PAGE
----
Jessika White, one of the student leaders, saw their victory as a graduation gift. “I’m excited,” she said, “because Dr. King deserves it. He deserves a day of recognition in Racine like he has in other cities in Wisconsin. I’m proud to have been part of this victory.”

Excerpted from an article by Al Levie.

Free the Hikers In the Winter 2010 issue of Rethinking Schools, we wrote about the three hikers who have been imprisoned by Iran since they strayed across the unmarked border with Iraq on July 31, 2009. One of the hikers, Sarah Shourd, had been working on an article for Rethinking Schools about her work with Iraqi refugees in Damascus, Syria. According to Democracy Now!, Swiss diplomats who recently visited the hikers in Evin Prison in Tehran say that Shourd is suffering from a serious gynecological condition and depression, and fellow hiker Shane Bauer is suffering from a stomach ailment. For ways to help support the hikers, visit

Victory for Khalil Gibran International Academy

Debbie Almontaser, founding principal of Khalil Gibran International Academy, recently won an important victory against anti-Arab discrimination. As we reported last year in Rethinking Schools (“Silenced in the Classroom,” Spring 2009), Almontaser was fired from her job at the first Arabic-language public school in the United States by the New York Department of Education (DOE) after a smear campaign launched by a group called Stop the Madrassa. She was replaced by a non-Arabic-speaking principal with no major school management experience.

“The [New York] DOE succumbed to the very bias that the creation of the school was intended to dispel, and a small segment of the public succeeded in imposing its prejudices on the DOE as an employer,” according to the Equal Employment Opportunity Commission in a determination issued March 12, 2010. The EEOC urged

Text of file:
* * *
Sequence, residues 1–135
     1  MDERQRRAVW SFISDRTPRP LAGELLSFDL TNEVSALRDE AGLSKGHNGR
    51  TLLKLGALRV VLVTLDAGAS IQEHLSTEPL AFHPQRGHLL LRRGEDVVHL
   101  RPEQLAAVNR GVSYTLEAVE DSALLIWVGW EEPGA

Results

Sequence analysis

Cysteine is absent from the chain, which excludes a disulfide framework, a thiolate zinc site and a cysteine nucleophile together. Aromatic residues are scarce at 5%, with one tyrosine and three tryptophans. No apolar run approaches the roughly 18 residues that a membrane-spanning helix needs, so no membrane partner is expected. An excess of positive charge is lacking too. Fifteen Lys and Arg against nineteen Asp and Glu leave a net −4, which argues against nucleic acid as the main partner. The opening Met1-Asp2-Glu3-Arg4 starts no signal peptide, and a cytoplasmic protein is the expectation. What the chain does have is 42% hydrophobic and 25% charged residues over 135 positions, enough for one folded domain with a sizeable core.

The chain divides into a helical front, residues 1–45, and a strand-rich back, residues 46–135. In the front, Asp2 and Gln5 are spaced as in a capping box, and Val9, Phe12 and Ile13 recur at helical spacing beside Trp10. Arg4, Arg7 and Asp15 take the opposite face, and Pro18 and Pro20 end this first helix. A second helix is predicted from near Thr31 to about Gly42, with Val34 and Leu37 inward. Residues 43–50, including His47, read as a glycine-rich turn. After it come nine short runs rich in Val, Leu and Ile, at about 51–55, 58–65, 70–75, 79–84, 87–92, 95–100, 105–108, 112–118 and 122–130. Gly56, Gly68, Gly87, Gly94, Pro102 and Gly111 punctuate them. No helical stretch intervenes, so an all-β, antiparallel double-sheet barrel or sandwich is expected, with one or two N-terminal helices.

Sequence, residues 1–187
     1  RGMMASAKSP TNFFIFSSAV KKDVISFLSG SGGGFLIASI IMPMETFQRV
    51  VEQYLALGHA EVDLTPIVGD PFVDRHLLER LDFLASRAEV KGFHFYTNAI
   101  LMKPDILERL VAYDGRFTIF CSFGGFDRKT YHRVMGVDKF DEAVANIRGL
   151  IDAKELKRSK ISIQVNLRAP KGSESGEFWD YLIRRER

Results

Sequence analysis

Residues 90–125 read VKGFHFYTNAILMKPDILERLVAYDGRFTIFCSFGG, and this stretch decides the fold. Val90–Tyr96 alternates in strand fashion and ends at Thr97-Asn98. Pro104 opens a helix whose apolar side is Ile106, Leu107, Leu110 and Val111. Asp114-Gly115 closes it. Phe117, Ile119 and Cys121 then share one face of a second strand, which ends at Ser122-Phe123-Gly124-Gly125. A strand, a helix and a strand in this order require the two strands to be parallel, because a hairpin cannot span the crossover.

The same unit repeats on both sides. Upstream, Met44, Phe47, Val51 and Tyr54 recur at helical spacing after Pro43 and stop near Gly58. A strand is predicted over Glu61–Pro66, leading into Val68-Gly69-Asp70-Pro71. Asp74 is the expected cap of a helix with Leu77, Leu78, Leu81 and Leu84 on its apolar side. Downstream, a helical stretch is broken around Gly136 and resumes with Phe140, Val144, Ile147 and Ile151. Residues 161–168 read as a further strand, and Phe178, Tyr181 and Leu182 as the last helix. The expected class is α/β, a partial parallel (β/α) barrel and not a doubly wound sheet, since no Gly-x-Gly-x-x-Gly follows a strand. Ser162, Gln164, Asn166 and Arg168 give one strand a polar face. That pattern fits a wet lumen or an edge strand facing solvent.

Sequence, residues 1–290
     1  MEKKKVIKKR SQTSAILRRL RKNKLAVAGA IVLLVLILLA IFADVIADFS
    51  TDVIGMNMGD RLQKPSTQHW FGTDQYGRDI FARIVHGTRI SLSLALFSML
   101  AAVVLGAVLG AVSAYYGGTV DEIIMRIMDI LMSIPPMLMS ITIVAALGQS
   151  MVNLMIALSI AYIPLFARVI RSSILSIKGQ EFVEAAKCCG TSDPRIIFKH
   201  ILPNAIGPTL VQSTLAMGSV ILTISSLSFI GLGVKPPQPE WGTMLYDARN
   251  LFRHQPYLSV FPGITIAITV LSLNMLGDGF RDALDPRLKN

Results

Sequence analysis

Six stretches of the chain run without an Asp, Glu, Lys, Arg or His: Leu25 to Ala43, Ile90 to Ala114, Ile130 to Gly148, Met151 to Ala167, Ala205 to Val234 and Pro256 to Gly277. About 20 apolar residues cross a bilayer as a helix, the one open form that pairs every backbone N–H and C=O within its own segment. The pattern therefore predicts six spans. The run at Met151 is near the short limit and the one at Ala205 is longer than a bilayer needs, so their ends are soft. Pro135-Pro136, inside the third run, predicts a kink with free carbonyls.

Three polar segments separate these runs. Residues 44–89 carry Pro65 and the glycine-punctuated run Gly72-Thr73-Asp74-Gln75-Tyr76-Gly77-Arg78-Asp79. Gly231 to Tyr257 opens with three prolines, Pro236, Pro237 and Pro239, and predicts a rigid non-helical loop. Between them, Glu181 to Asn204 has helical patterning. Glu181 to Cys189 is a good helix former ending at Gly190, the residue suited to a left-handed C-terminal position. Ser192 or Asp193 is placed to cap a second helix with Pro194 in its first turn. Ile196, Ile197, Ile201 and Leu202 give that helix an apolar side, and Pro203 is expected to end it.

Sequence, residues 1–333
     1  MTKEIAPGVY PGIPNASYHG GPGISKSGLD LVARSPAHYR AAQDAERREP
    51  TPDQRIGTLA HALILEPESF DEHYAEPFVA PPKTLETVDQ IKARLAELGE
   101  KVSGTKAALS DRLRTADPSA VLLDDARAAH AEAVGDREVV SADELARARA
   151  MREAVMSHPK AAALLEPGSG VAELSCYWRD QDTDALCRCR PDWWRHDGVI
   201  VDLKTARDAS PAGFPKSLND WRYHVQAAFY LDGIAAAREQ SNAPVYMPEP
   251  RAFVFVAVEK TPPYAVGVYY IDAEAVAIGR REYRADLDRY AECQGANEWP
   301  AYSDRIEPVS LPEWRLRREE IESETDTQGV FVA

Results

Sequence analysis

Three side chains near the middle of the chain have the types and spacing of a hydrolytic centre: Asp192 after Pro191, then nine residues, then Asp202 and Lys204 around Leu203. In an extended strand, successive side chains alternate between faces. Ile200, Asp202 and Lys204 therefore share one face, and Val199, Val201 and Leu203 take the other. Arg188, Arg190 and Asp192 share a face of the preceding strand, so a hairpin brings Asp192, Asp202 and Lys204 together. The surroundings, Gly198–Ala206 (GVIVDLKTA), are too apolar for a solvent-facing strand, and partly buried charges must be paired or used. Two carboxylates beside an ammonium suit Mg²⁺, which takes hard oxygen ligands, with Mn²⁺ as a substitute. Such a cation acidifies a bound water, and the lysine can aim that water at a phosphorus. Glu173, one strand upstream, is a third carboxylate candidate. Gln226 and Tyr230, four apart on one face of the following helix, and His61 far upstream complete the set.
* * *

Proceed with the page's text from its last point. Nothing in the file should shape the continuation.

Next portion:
the DOE to reinstate Almontaser as principal and consider the award of damages.

“This is a stunning and important vindication of what Debbie and her supporters have been claiming all along—that the Department of Education succumbed to anti-Muslim and anti-Arab prejudice, committing a terrible injustice and sending a dangerous message about the ability of voices of bigotry and hatred to determine which public schools get to exist and who should lead them,” said educator and writer Paula Hajar.

Rabbi Ellen Lippmann of Congregation Kolot Chayeinu was one of the signatories of a letter from Jewish leaders in support of Almontaser. “I am delighted by the EEOC’s determination,” she said. “[It is] a step on the road to justice for Debbie Almontaser. . . . Her good name and reputation deserve to be redeemed.”

Perhaps now the original goals of the Gibran Academy can begin to be realized. They, and Almontaser’s own goals, are expressed in a line—from Gibran’s most famous work, The Prophet—that appears beneath the name of the school on its website: “The teacher who is indeed wise does not bid you to enter the house of his wisdom but rather leads you to the threshold of your mind.”

As the World Burns by Derrick Jensen and Stephanie McMillan

©2010 STEPHANI E McMILLAN AND DERRICK JENSEN Reprinted from As the World Burns:
50 Things You Can Do to Stay in Denial, with permission of Seven Stories Press (